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Black Event by Forest Issac Jones, Flash Fiction Finalist

On the evening of April 26, 1986, a series of explosions destroyed the reactor in the building that housed the #4 block of the Chernobyl nuclear station.

That morning my wife woke me up and said there was fire at the nuclear plant. I didn’t see the explosion. Just the flames. The whole sky was radiant.

I can still remember the bright, red glow and the smoke. It was nothing like I’d ever seen. That evening everyone stood outside and we had a great view. We stood breathing, staring at the black smoke. The heat was awful.

We didn’t know that the scenery of death could be so gorgeous.

I couldn’t sleep that night. Something had changed in our village, and it would never be the same again.

At seven in the morning there were military soldiers on the streets wearing gas masks. There was a black cloud and hard rain. The puddles were yellow, like someone had painted them.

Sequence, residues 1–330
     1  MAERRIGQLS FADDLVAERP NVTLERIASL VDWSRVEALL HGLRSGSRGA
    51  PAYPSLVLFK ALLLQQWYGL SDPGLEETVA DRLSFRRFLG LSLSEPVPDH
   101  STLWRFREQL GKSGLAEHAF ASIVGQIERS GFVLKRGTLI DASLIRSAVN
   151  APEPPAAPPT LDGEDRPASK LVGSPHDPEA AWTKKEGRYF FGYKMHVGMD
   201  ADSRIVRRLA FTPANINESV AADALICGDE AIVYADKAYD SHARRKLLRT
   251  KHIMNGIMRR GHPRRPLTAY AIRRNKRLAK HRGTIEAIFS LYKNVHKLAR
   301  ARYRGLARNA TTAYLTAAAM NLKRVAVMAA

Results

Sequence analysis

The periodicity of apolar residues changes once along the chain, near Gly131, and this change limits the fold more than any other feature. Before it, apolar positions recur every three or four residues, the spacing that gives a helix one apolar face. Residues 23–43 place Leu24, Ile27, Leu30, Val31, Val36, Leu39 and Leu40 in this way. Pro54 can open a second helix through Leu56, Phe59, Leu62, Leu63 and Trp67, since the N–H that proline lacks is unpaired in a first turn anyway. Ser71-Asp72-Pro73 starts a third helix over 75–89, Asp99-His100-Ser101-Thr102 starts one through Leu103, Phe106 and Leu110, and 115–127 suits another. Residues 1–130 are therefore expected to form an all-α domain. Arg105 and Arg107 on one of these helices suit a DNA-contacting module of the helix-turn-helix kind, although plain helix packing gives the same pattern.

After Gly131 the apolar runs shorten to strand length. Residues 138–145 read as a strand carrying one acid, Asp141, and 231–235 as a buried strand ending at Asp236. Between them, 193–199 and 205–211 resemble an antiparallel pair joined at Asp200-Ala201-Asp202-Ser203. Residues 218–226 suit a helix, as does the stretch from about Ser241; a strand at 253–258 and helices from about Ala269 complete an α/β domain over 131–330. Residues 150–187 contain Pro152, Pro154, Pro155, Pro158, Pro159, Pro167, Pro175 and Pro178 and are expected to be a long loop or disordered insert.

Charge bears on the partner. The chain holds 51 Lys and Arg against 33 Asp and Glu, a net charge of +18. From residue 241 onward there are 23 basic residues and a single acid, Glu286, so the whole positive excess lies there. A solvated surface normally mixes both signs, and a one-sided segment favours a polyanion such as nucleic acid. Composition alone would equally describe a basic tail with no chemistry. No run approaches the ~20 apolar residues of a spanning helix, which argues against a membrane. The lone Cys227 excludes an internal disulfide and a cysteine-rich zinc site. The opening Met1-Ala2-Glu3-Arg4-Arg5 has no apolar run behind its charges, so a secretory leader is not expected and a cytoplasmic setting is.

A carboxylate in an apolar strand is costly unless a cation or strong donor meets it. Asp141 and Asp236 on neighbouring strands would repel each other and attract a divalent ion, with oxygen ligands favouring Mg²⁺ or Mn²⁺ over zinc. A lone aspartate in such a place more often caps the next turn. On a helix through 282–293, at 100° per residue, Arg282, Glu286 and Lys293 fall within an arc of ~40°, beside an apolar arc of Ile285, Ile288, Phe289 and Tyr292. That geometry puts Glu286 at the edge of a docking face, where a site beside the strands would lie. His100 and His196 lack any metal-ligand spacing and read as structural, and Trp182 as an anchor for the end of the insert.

I kept the radio on all day as they told us to prepare to evacuate. They told us we’d be back in a week. The only thing I took with me was a few personal items in our suitcase. That day we rode away from the village in silence. Everyone was afraid to talk about what had happened.

When we settled in our town and my wife started her new job, she came back the first day in tears. A woman said she didn’t want to work beside her, saying she was radioactive. The other workers were afraid of her.

I often think about our old village. It’s deserted now. It’s not just the land that’s contaminated, but our minds. I was naïve. My wife was trusting. We trusted the State and the military.

Nothing would ever be the same.



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